The technology needs to work cohesively and typically it takes a variety of automation technologies, working in harmony across the various channels, to achieve the optimum result.  

It’s important to remember that any digital workflow transformation is neither a product in itself nor capability; it is the outcome of applying a range of automation technologies to execute and automate workflows along a high-value business process.  It enables organisations to unlock document intelligence, connect disparate systems, and orchestrate human and digital workers to fuel innovation, drive productivity, strengthen competitive agility and drive efficiencies across remote workforces. 

There are three key areas where a significant difference can be made to processing efficiency and customer responsiveness: 

Document Intelligence – Making sense of unstructured data.

As firms communicate with their clients and partners across multiple platforms and in an increasingly diverse way, they can face the challenge of processing large amounts of unstructured and semi-structured information from sources such as correspondence, email messages, reports, and web-based content such as reviews and social media posts. The ability to manage unstructured data and handle it in a consistent manner alongside other channels is of increasing importance, especially as we witness volumes growing rapidlyparticularly via email. As an example, Lyons Davidson has experienced a significant increase in the volume of case documents it receives via email, with email now accounting for 50% of inbound volumes. 

Transformation initiatives have taken capture applications from the back office to the front office, creating process efficiency and an audit trail from the start of the client journey. Unlike standalone Optical Character Recognition (OCR) solutions, the latest capture technologies use machine learning and natural language processing in conjunction with workflow to classify documents, extract information, and take suitable action based on the data; unstructured data that historically was locked in documents.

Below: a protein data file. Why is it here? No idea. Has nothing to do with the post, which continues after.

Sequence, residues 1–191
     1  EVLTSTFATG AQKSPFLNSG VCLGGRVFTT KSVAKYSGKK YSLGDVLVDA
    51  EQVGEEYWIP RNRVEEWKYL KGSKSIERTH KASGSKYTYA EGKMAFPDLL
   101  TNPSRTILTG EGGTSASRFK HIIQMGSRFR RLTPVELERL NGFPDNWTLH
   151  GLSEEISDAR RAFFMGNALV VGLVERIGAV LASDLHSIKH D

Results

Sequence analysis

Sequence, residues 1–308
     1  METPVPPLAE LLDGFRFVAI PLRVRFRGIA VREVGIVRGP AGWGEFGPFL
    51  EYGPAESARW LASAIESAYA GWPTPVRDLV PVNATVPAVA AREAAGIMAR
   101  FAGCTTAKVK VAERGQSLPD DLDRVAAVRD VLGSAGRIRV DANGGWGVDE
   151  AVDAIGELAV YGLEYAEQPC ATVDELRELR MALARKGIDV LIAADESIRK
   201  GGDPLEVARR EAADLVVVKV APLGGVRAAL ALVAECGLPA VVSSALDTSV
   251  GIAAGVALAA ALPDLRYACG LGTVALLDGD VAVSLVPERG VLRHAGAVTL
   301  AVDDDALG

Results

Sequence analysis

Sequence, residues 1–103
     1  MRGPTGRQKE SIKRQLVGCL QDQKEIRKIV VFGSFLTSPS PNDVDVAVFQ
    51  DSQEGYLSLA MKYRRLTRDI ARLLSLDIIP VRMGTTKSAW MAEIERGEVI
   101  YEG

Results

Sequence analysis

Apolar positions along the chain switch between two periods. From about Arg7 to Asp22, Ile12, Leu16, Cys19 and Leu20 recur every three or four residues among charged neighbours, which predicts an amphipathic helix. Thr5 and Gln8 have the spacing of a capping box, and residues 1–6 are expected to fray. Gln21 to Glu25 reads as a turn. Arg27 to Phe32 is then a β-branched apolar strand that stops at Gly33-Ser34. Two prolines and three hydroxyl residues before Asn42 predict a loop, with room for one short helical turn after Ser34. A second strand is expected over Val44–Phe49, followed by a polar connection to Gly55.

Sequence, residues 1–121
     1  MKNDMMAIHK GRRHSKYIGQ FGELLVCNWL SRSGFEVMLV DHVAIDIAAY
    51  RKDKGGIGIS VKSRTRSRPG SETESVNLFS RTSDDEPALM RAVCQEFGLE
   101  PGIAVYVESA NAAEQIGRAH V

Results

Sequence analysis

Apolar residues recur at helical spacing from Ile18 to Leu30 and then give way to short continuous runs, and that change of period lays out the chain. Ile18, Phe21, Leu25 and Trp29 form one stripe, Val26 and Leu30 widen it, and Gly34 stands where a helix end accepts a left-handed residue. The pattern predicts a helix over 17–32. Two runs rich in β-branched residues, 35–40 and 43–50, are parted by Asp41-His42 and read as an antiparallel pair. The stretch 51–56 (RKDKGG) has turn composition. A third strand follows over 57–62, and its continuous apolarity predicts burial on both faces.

Connected Systems – Integration and the need to bridge processing gaps.

The ability to access the data locked in documents alone is often not sufficient to reduce human input and provide the highest levels of efficiency for your operations. In many cases, it is necessary to access and update data in number of different applications. Asking users to look up and input data into multiple systems is slow and error prone and should be avoided. Automating manual look-ups and data transfers, and bridging the processing gaps between existing solutions, is critical to achieving maximum gains in efficiency and reducing costs. 

As Chris Thomas explains, Time spent on unnecessary manual tasks, even seemingly small ones, soon adds up. Just 30 minutes a day, when taken across 300 people, for example, has a huge FTE equivalent. Not only does this add significant cost but if you can take the most mundane parts of someone’s work away from them, that’s a benefit.  If you want to attract and retain talent you need to have technology embedded into the business so that the workforce can focus on their value add or you are in danger of losing those people to organisations who do have it.” 

Process orchestration

Ultimately, we want to focus valuable human resource on the activities where their expertise is required and automate repetitive and manual tasks; not only to reduce costs and drive efficiency, but to create an auditable, standardised, and customer-focused process that allows you to offer the highest standard of service with ease.  Moreover, automation makes it easier to scale your business operations due to changing volumes without the need to increase or reduce headcount.   

What you want is the 95% to go straight through the process and for people to only be looking at the 5%, particularly in the fixed fee market. 

By orchestrating individual touchpoint workflows, for example the gathering or sending of documents or the digital signing of new contracts, firms can deliver a better experience at each human touchpoint and link traditional and digital channels.  

Having this process and consistency built into your solution, also creates a compliant process that will be adhered to regardless of where your team are located – for example, with the recent move to home working, automated workflows and touchpoints would remain in place. Customer journeys―such as new customer onboarding, account opening, claims processing and citizen service provisioning―are simplified and enhanced. 

By accelerating high-value workflows, process automation helps increase customer satisfaction, improve operational agility, and create a competitive advantage.